I mention this every time I write up one of these, but I can’t stress it enough… take lots of pictures! If your memory is as unreliable as mine, reference photos will save your ass when it comes to the putting everything back together stage.
Another tip: Punch all of your rails and nails into a piece of cardboard. Even better than a reference photo.
While the playfield plastics were mostly in decent shape, they were a bit warped. A hot afternoon in the sun pressed between sheets of glass (thanks Cyberball RIP!) flattened them out nicely.
First step before touchups was to clean the hell out of the playfield. Tim Arnold recommended Turtle Wax Chrome Polish, which also came in handy for the actual chrome bits later on, and I followed that with Novus2 and Magic Eraser melamine foam (with alcohol rather than water) to pull up some of the heavy ball swirls in the paint. Be careful with the melamine foam, as too much pressure can quickly chew through your playfield.
I used water based figure paints because I’m a nerd and had some on hand, but I dunno if I’d go this route again. Coverage was sometimes a pain, and I had some minor color shifting after the clearcoat application.
The above area, after touchups. The nosecone match was a bit off, but as I ended up repainting the entire cone, it looks fine assembled.
Touchup work is very delicate and time consuming, but the end results are worth it. Maybe. I mean, I love the way the playfield turned out, and thank God for podcasts to listen to in the background, but I spent many many hours hunkered over the thing. Something I’ll treasure for the rest of my life and all that, right?
Next step was clearcoating. Clay Harrell’s pinball restoration guide was a huge help here, and I recommend referencing it if you undertake a similar project. Between that and his repair guides, you could pretty much get from beginning to end with his articles as your sole source of information.
I used Varathane semi-gloss clearcoat, applied liberally with a day or two of drying time between applications. Once I had a couple coats down, I added a round of light sanding between each coat, taking care to not tear into the layer beneath. After a total of six coats, I let it cure for a couple weeks and then took a final pass with the high grit sandpaper.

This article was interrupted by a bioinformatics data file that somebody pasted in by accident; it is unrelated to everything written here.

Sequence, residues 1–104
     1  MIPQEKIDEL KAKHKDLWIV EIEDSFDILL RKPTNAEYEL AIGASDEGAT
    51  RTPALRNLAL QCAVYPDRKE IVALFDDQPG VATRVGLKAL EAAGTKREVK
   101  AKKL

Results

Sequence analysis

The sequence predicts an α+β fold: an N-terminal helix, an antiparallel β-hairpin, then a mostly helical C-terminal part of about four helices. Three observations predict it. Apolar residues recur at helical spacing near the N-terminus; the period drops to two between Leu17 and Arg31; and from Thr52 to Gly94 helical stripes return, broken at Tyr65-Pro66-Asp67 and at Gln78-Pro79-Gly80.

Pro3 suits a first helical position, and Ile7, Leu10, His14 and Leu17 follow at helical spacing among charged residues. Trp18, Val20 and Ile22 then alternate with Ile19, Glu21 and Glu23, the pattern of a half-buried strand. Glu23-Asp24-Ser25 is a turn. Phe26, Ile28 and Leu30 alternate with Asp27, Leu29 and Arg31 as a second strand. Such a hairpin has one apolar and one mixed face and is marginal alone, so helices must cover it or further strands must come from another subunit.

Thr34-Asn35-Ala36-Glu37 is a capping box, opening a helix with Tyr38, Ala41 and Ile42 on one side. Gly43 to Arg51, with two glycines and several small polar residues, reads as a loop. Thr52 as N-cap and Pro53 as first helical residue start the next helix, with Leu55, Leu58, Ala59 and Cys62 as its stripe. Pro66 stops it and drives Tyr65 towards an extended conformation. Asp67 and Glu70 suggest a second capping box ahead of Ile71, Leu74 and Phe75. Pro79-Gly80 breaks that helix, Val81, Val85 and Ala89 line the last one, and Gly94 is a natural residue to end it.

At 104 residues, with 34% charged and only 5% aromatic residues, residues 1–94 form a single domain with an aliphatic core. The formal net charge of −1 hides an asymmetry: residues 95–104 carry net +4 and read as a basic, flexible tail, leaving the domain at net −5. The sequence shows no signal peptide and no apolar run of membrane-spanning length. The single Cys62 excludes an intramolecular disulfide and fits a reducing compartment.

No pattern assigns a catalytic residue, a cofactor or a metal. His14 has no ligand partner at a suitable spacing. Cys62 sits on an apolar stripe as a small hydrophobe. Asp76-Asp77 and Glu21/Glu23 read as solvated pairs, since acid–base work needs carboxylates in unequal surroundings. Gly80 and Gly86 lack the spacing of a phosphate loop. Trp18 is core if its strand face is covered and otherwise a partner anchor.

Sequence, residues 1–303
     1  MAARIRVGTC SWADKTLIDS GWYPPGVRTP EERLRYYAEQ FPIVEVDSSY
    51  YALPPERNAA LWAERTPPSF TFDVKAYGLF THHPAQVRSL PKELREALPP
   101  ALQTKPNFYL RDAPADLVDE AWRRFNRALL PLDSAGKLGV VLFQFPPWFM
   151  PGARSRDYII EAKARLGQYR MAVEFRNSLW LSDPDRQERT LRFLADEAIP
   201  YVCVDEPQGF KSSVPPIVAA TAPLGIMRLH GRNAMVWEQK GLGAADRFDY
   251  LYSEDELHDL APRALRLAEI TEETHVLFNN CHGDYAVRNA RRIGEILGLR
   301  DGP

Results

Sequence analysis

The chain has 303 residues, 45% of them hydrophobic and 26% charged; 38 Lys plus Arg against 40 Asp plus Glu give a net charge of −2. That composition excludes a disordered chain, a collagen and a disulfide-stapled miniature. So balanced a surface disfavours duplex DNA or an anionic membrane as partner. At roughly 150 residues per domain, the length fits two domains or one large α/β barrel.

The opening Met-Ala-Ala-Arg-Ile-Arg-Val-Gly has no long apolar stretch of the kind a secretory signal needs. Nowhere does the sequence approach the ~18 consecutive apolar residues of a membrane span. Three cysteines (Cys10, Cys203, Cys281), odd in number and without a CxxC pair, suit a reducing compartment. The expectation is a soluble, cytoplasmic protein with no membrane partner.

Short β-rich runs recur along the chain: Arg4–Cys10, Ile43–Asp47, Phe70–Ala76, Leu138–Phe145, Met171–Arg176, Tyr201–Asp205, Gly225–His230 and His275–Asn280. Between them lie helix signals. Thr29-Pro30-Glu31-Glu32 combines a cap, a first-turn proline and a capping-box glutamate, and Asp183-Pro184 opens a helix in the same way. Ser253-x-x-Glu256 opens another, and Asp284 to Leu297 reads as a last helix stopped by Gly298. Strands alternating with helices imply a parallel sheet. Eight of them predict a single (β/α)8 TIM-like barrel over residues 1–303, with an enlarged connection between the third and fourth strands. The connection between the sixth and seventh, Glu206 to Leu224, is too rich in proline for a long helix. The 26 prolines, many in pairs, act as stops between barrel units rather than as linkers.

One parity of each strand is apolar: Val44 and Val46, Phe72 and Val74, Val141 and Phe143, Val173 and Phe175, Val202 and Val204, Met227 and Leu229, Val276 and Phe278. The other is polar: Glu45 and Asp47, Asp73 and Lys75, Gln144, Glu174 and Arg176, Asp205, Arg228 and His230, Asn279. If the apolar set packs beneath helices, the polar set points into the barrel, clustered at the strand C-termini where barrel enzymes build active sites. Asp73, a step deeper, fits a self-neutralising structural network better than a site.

The whole clearcoating process took about a month, but the actual time requirements each week were minimal. The important part is having someplace for the playfield to dry where it won’t attract dirt and contaminants.
Next: restenciling the cabinet.Filed under pinball, restoration | Comments (5)
I’ve been attempting to alternate project difficulty levels with the arcade restoration queue, partly for financial reasons (the pain in the ass projects also tend to be the most expensive), and partly to stagger the overall punishment thrown my way. With the relative ease of the Neo-Geo MVS and Missile Command projects, I figured it was time for a doozy.
Pinball fascinates me — not only did those guys (and as far as I can tell they were all guys) have to contend with standard aspects of game design such as gameplay, pacing, and theme, they had a slew of mechanical engineering and physics issues to deal with on top of ’em. I wanted a project pinball machine, something I could tear apart, learn a little bit about, and restore. Earlier this year, I found it: a 1979 Gottlieb Count-Down. Cosmetically rough, but complete. The game wouldn’t start (not unusual for a System 1, as I’ve learned) and had electrical and mechanical issues, but that’s part of the fun, right?
Here’s the cabinet as I began the initial cleanup and teardown.
Past owner touchup number one: several thick coats of latex white on the normally orange backbox. Luckily, aside from a few errant paint drops, the backglass itself was in fantastic shape.
Past owner touchup number two: spray can + lack of restraint =
While the playfield wear wasn’t horrible, the insert rings, the rocket cone, and a handful of other detail areas could all use repainting. There were lots of ball swirls to work out, too.
Next up, playfield touchup.Filed under pinball, restoration | Comment (0)
I got one of these this weekend. It smells like my childhood and model trains.
Ben Heckendorn’s scratch-built Bill Paxton Pinball (heh) is beginning to show some progress.
The Edge of Reason: The Tim Langdell Story.gamedev, MLP, pinball, video games | Comment (0)
Looking forward to a weekend of beer, tools, sandpaper, and paint. Oh, and a date with my wife.
Scribblenauts: How a Nobody Game Became the Talk of This Year’s E3.
And finally, a Harvard psychiatrist explains Zombie Neurobiology.Filed under arcade, MLP, movies, pinball, video games | Comment (1)
Joystiq visits the Pinball Hall of Fame. Also, Tim Arnold has purchased a new building, so the whole place will be moving up a couple blocks sometime in the near future, doubling the space for pins and arcade cabinets.
This is all over the internets, but just in case:
add Emoji to your US iPhone.